Bottles in a pancreatic cancer lab that are used to study autophagy, self-eating cells

All the way across the country from one another, two pancreatic cancer researchers made similar discoveries in their labs. Rushika Perera, PhD, is an assistant professor in the department of anatomy at the University of California, San Francisco, and Alec Kimmelman, MD, PhD, is professor and chair of radiation oncology at NYU Langone Health.

Perera and Kimmelman are both interested in a process called autophagy, whereby pancreatic cancer cells digest components of themselves – sometimes known as “self-eating” – to ensure they have enough nutrition to survive.

The two scientists, both of whom received Pancreatic Cancer Action Network (PanCAN) Career Development Awards at pivotal moments as they launched their own labs, wondered whether this process might be involved with a feature that makes pancreatic tumors especially difficult to treat – their ability to hide from the patient’s immune system.

Pancreatic cancer researcher published important findings in a prestigious journal, Nature

Rushika Perera, PhD

“At a meeting in 2018, Alec and I discovered that our labs had independently found a role for autophagy in regulation of a protein called major histocompatibility class I (MHC-I), via independent and very different approaches,” Perera said.

Kimmelman, recipient of early-career funding from PanCAN in 2010, has studied autophagy and pancreatic cancer for many years. Perera’s research focuses on the lysosome, a component of the cell that breaks down proteins into digestible building blocks and plays a critical role in autophagy.

MHC-I is a protein that sits on the outside of all cells in the human body, and it functions as a beacon to the immune system – displaying small pieces of protein from inside the cell. Under normal conditions, MHC-I will display familiar “self” proteins that don’t spark the immune cells’ attention.

But if there’s an infection or other foreign body inside the cell, MHC-I will show it to the immune system. When cells within the immune system detect a foreign invader, they launch an attack.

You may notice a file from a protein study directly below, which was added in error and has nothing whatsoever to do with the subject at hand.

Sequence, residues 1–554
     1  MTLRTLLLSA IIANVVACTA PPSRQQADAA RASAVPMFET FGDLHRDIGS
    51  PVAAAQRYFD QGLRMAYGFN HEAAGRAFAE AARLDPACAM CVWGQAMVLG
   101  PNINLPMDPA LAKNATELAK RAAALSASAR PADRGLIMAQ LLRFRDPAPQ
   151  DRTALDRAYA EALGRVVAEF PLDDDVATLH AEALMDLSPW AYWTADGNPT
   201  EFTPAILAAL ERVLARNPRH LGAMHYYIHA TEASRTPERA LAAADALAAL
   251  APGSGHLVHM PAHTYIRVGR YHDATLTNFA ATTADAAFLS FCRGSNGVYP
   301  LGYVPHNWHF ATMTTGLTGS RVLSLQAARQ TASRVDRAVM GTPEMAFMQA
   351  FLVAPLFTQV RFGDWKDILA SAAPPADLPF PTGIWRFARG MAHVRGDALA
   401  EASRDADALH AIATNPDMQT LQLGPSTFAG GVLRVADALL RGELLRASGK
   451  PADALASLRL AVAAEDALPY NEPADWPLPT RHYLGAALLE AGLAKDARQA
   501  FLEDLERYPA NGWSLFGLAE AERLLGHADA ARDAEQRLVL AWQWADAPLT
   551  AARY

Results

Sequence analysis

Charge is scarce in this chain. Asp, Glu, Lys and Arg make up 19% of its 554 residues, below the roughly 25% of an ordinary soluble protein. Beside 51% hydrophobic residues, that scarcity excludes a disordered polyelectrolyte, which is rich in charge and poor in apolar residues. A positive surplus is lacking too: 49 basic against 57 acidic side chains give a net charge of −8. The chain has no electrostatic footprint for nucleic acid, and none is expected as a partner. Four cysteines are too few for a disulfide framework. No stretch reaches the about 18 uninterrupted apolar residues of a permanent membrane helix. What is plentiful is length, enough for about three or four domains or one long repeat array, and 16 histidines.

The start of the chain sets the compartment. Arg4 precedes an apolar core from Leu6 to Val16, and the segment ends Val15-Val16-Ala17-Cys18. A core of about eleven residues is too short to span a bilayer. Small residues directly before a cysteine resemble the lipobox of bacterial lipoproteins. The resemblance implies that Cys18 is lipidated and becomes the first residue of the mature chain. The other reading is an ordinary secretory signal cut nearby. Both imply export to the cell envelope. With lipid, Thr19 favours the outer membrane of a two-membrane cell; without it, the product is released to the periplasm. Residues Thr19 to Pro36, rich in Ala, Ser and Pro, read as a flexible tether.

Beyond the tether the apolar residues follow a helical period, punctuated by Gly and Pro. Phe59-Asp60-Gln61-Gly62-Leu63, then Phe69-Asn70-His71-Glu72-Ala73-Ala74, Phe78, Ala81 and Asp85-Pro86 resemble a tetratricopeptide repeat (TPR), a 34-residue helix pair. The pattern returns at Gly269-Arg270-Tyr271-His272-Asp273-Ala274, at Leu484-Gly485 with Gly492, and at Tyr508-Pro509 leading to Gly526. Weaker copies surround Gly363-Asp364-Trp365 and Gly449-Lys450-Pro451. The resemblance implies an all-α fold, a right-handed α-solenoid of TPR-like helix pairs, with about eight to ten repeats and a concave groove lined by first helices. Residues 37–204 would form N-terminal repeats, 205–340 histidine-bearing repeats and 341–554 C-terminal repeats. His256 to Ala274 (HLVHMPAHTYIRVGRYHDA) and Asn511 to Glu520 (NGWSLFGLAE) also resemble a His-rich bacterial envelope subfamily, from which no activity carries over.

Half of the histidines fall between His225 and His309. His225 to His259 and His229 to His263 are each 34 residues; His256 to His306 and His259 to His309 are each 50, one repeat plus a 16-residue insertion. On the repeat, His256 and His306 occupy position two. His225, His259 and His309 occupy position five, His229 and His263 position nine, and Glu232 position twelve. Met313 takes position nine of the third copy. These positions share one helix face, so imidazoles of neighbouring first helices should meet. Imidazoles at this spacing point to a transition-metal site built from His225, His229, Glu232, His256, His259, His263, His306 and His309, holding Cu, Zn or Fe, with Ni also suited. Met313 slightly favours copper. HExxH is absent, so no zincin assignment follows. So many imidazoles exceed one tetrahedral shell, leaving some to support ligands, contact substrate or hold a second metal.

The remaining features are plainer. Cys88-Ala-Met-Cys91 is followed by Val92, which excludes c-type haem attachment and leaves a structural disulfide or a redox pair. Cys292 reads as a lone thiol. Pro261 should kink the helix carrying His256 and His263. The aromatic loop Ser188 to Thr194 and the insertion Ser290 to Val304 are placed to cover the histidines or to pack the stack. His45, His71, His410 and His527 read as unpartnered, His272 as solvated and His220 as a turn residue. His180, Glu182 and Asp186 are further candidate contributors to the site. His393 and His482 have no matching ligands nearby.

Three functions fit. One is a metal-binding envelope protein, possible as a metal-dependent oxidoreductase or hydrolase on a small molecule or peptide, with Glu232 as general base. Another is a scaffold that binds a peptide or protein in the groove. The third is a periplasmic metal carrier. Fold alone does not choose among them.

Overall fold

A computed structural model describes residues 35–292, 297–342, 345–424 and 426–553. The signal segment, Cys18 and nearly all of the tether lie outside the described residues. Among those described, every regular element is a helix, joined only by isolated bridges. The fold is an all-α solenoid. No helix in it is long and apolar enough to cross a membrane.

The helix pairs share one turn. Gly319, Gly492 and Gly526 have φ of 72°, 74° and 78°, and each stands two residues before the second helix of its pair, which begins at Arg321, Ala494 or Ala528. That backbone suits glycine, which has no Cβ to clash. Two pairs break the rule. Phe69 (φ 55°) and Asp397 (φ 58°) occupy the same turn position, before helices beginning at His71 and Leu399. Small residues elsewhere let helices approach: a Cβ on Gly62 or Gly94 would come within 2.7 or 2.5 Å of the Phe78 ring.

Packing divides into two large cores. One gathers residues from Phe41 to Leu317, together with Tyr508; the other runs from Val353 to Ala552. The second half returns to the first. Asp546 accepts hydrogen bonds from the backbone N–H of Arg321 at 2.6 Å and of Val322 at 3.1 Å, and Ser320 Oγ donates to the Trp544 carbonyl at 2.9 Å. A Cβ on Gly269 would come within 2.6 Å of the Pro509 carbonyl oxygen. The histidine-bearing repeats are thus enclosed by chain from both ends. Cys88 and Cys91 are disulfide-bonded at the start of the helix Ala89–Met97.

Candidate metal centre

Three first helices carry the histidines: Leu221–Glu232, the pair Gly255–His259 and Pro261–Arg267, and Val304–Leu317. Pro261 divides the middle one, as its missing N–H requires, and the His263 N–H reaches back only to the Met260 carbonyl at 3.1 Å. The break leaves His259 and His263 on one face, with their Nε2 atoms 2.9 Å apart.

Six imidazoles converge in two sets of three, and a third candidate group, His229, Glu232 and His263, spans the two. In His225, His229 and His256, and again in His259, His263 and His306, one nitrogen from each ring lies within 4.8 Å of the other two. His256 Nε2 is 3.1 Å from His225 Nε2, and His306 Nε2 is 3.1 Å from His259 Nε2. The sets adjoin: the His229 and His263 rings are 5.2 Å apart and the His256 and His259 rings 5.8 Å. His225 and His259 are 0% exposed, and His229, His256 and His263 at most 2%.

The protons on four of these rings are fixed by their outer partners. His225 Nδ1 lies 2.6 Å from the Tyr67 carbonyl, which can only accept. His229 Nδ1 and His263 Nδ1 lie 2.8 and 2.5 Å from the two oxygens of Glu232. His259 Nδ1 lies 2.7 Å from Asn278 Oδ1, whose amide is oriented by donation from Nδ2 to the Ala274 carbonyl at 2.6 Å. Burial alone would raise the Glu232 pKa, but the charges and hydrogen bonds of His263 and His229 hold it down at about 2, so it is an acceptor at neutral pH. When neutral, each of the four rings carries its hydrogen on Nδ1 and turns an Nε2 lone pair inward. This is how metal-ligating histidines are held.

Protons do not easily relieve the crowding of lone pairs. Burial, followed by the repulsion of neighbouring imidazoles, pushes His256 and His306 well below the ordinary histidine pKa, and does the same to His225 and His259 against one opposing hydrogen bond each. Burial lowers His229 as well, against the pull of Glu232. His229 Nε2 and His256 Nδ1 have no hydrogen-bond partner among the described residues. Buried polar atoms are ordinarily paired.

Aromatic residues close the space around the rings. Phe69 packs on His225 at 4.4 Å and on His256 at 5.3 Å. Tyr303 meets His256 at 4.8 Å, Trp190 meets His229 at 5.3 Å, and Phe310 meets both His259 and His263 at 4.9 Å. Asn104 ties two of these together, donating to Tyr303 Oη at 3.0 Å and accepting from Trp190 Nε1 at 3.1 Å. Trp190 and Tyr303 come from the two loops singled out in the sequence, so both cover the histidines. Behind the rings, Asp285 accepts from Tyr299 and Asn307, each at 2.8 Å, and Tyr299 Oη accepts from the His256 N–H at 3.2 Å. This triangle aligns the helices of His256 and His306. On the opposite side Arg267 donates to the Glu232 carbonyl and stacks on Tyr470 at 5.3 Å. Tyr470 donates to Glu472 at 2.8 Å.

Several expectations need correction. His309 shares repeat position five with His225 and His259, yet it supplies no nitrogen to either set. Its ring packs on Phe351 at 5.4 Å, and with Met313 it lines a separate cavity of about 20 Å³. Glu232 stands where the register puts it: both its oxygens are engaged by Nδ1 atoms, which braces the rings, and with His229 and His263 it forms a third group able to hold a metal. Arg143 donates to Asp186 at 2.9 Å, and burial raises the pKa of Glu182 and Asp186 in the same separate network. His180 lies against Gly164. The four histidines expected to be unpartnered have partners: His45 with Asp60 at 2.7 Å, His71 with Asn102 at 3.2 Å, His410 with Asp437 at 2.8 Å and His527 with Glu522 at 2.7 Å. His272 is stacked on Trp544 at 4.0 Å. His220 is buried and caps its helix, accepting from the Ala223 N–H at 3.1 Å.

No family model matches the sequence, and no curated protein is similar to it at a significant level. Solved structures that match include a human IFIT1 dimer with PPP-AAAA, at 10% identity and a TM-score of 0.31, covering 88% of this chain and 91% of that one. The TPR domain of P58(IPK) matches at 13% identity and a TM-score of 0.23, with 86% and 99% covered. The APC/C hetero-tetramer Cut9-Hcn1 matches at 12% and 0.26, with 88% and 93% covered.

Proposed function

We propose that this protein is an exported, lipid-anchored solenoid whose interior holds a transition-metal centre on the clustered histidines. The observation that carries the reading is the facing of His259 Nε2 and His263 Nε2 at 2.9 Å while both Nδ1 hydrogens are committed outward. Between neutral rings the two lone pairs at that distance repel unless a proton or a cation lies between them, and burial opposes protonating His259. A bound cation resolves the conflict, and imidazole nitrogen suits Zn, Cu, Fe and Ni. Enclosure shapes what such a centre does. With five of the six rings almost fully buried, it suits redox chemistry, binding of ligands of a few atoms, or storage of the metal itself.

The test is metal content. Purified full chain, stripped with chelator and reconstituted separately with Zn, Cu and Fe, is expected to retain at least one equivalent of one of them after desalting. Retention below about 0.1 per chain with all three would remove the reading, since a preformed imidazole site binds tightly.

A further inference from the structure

Pancreatic cancer cells express abnormal versions of proteins (caused by mutations, gene fusions or other changes) that could attract the attention of the immune system when displayed by MHC-I.

But they rarely do.

And efforts in the clinic to activate and strengthen an immune response against pancreatic tumors via immunotherapy have been notoriously unsuccessful.

Perera and Kimmelman and their research teams believed they had found a reason why.

“Having realized that our findings might be impactful for the field, we decided to join forces using complementary approaches that our respective labs had developed,” Perera said.

A new way to hide from the immune system

The results of their collaboration were published recently in the esteemed journal Nature. The work was partially funded by Perera’s 2016 PanCAN Career Development Award, generously funded in memory of Skip Viragh.

“Our study uncovers a new strategy that pancreatic cancer cells use to hide from the immune system,” she said.

“We found that pancreatic cancer cells selectively remove MHC-I from their surface, which would normally help immune cells to recognize them.” The reduced levels of MHC-I were caused by autophagy, which is hyperactive in pancreatic cancer cells but not in normal cells of the pancreas or elsewhere in the body.

Translating bench science to potential clinical benefit

A decades-old malaria drug, called chloroquine, can block autophagy. It has been evaluated in pancreatic cancer patients but has shown limited effectiveness when given by itself.

Based on other results partially funded by PanCAN, clinical trials are underway testing hydroxychloroquine in combination with drugs that block signaling from mutant KRAS, the most frequently mutated protein in pancreatic tumors.

After Perera and Kimmelman’s labs discovered that autophagy is involved in pancreatic tumors’ ability to hide from the immune system, they hypothesized that blocking autophagy with chloroquine at the same time as enhancing an immune response with immunotherapy drugs might be an effective treatment strategy.

Results published in the Nature paper showed that combining chloroquine with a type of immunotherapy drug called a checkpoint inhibitor blocked the growth of tumors in mouse models of pancreatic cancer.

“Our study provides important rationale for clinical testing and may help make immunotherapy more effective in pancreatic cancer patients,” Perera said.

Based on these encouraging results, future clinical trials can assess whether this treatment combination, with or without the addition of chemotherapy, could be effective in clinical trials in patients. And, scientifically, they will continue to discover underlying reasons why MHC-I is targeted by autophagy and the lysosome.

Perera’s PanCAN Career Development Award was one of the first grants her newly established lab received, she told us.

“This allowed us to conduct some of the first experiments that uncovered alterations in MHC-I in pancreatic cancer cells. And attending and presenting at PanCAN events allowed me to get valuable feedback at an early stage of the project.”

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